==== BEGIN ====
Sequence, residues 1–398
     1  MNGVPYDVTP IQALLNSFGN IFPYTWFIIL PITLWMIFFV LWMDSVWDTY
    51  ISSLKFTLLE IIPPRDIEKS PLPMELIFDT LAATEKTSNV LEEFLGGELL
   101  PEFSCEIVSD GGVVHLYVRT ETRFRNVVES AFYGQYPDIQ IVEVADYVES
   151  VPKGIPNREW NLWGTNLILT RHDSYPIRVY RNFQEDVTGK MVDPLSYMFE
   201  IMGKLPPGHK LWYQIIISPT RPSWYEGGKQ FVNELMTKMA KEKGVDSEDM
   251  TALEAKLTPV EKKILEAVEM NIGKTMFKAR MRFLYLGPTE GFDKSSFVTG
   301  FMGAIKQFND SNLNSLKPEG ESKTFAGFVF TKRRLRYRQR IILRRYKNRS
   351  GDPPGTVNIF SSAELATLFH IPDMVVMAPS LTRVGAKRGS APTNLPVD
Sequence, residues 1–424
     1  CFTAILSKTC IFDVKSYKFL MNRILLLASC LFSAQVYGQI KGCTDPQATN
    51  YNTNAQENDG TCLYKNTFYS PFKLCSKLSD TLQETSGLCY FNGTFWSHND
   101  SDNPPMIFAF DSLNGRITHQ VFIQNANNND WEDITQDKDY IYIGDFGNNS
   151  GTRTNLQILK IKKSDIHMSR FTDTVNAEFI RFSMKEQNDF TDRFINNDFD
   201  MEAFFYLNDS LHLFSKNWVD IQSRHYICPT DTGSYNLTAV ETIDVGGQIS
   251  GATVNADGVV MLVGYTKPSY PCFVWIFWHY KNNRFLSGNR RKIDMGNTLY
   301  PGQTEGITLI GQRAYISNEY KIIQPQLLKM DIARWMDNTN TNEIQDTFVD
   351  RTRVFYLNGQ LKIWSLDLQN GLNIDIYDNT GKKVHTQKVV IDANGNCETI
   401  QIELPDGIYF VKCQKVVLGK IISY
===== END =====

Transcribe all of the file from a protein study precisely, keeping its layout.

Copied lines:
Sequence, residues 1–398
     1  MNGVPYDVTP IQALLNSFGN IFPYTWFIIL PITLWMIFFV LWMDSVWDTY
    51  ISSLKFTLLE IIPPRDIEKS PLPMELIFDT LAATEKTSNV LEEFLGGELL
   101  PEFSCEIVSD GGVVHLYVRT ETRFRNVVES AFYGQYPDIQ IVEVADYVES
   151  VPKGIPNREW NLWGTNLILT RHDSYPIRVY RNFQEDVTGK MVDPLSYMFE
   201  IMGKLPPGHK LWYQIIISPT RPSWYEGGKQ FVNELMTKMA KEKGVDSEDM
   251  TALEAKLTPV EKKILEAVEM NIGKTMFKAR MRFLYLGPTE GFDKSSFVTG
   301  FMGAIKQFND SNLNSLKPEG ESKTFAGFVF TKRRLRYRQR IILRRYKNRS
   351  GDPPGTVNIF SSAELATLFH IPDMVVMAPS LTRVGAKRGS APTNLPVD
Sequence, residues 1–424
     1  CFTAILSKTC IFDVKSYKFL MNRILLLASC LFSAQVYGQI KGCTDPQATN
    51  YNTNAQENDG TCLYKNTFYS PFKLCSKLSD TLQETSGLCY FNGTFWSHND
   101  SDNPPMIFAF DSLNGRITHQ VFIQNANNND WEDITQDKDY IYIGDFGNNS
   151  GTRTNLQILK IKKSDIHMSR FTDTVNAEFI RFSMKEQNDF TDRFINNDFD
   201  MEAFFYLNDS LHLFSKNWVD IQSRHYICPT DTGSYNLTAV ETIDVGGQIS
   251  GATVNADGVV MLVGYTKPSY PCFVWIFWHY KNNRFLSGNR RKIDMGNTLY
   301  PGQTEGITLI GQRAYISNEY KIIQPQLLKM DIARWMDNTN TNEIQDTFVD
   351  RTRVFYLNGQ LKIWSLDLQN GLNIDIYDNT GKKVHTQKVV IDANGNCETI
   401  QIELPDGIYF VKCQKVVLGK IISY